248092 Using Ordered Probit Analysis to Assess Treatment Satisfaction: An Economic Interpretation

Sunday, October 30, 2011

James R. Ciesla, PhD , School of Nursing and Health Studies, Northern Illinois University, DeKalb, IL
Ping Yao, PhD , School of Nursing and Health Studies, Northern Illinois University, DeKalb, IL
An important aspect of evaluating patent satisfaction with health services is using global satisfaction measures. Global satisfaction questions are usually worded “All things considered, how satisfied are you with the care you received…?” The responses are typically given on an ordinal scale with very dissatisfied at the lowest end and very satisfied the highest end. The economic interpretation of global satisfaction is higher satisfaction corresponds to higher utility. Although measuring utility is controversial in economics, when thought of as utility, patient satisfaction is tied to the assumptions of utility-maximizing imbedded in consumer theory and most specifically to the concept of demand. It is clear from the literature that attempts to measure global satisfaction lacks theoretical guidance and suffers from inconsistency in measuring and operationalizing variables. Accordingly, the purpose of this research is not to delve into the institutional, patient, or psychological aspects of health care delivery that lead to global satisfaction; it is rather to introduce a methodological approach that makes it possible to view global satisfaction from the economic point of view. This research shows how a single treatment satisfaction variable and two other treatment-relevant and economically meaningful covariates can be identified and used in an ordered probit model, and how the results of the analysis can elucidate valuable information for treatment providers. The ordered probit model, described in this research is specified as follows: ln(y*u)=ln(X'u1b1)+ln(X'u2b2)+eu This model uses the log-linear functional form. Since the model is under-specified the error term is set to zero. The present analysis and results are based on data from an outcomes study of substance abuse treatment services (n=509), however this model can be used for any treatment population. The dependent variable is a latent variable representing global satisfaction. The covariates are the outcome variable weeks of abstinence from drug use (Est. 0.205; S.E. 0.041; X2<0.0001), and an adjustor variable, GAF, measuring overall life functioning (Est. 0.722; S.E. 0.431; X2 N.S.). This analysis yields a set of indifference curves showing the relationship between global satisfaction and treatment outcome. These findings show global satisfaction levels are relative to treatment outcomes and that the effort (and cost) necessary to obtain higher levels of satisfaction increase on the margin. This technique can be incorporated into the on-going quality assurance activities of any health care organization including monitoring global treatment satisfaction levels intertemporally.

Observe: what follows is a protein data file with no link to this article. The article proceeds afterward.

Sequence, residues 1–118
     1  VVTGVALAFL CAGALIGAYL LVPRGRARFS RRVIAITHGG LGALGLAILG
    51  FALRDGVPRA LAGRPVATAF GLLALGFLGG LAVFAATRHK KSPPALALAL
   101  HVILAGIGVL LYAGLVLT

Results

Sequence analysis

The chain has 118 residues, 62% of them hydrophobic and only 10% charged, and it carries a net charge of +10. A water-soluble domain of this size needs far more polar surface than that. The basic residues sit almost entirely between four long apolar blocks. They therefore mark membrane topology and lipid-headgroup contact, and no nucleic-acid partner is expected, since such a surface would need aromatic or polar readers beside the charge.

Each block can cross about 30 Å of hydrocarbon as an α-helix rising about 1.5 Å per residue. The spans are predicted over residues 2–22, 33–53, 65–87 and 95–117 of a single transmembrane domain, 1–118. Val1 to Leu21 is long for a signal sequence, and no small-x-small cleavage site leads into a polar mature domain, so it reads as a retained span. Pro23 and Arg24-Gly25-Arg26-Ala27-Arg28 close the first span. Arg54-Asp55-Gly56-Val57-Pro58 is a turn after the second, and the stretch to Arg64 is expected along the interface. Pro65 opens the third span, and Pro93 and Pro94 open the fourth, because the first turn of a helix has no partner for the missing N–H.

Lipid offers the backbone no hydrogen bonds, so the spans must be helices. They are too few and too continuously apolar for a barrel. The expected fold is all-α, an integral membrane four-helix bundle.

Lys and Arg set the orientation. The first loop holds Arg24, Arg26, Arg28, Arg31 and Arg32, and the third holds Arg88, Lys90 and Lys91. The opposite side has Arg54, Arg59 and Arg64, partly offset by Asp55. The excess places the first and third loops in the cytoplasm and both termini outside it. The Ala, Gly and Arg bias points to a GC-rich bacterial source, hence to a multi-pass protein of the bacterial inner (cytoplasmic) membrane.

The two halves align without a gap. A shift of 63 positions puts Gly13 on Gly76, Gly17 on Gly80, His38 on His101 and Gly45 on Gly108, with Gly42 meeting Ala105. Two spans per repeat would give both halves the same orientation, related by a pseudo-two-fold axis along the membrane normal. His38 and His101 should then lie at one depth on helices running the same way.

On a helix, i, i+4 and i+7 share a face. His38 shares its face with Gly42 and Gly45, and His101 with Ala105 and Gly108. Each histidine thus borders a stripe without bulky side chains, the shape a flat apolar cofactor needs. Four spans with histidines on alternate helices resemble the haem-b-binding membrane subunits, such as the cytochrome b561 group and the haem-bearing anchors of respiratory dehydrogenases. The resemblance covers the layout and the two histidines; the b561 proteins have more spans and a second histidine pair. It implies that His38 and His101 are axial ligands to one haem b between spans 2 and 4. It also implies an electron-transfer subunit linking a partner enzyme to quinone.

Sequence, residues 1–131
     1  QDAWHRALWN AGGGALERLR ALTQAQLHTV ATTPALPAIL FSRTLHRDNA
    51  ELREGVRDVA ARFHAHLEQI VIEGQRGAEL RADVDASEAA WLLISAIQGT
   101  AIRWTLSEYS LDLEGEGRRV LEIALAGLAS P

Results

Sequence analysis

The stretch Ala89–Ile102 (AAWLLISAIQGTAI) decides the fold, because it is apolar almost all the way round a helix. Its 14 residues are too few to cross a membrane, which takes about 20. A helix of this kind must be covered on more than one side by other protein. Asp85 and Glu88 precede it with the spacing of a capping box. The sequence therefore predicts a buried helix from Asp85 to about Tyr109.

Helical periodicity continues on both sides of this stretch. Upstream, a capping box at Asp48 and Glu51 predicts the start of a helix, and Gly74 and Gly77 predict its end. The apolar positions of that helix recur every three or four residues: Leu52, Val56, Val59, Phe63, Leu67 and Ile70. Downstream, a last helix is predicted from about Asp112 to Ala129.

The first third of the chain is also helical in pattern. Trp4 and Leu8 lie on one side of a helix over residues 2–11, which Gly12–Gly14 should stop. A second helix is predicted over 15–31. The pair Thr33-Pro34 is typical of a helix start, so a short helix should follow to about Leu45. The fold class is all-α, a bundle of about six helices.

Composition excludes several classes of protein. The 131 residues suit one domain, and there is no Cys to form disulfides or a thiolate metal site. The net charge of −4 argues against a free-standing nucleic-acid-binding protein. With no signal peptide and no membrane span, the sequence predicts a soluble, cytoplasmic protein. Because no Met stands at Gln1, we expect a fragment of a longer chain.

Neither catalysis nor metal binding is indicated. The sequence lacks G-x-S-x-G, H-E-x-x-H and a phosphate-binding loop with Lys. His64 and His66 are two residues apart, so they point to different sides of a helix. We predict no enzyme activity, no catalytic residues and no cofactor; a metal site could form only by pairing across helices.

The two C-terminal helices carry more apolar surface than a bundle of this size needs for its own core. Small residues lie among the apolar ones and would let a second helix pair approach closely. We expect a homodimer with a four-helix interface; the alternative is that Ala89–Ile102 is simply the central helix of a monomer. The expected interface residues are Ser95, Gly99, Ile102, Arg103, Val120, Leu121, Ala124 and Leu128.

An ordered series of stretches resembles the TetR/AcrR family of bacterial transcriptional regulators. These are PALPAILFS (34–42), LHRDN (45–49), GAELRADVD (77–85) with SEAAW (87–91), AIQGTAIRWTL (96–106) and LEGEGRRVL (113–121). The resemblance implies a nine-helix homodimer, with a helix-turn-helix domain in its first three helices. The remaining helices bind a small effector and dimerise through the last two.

Learning Areas:
Administration, management, leadership
Public health administration or related administration

Learning Objectives:
Assess treatment satisfaction by using ordered probit analysis when satisfaction responses are measured on an ordinal scale. Evaluate treatment satisfaction from an economic perspective by use of indifference curve analysis.

Keywords: Quality Assurance, Economic Analysis

Presenting author's disclosure statement:

Qualified on the content I am responsible for because: I am the investigator responsible for collecting and analyzing the data presented in this research
Any relevant financial relationships? No

I agree to comply with the American Public Health Association Conflict of Interest and Commercial Support Guidelines, and to disclose to the participants any off-label or experimental uses of a commercial product or service discussed in my presentation.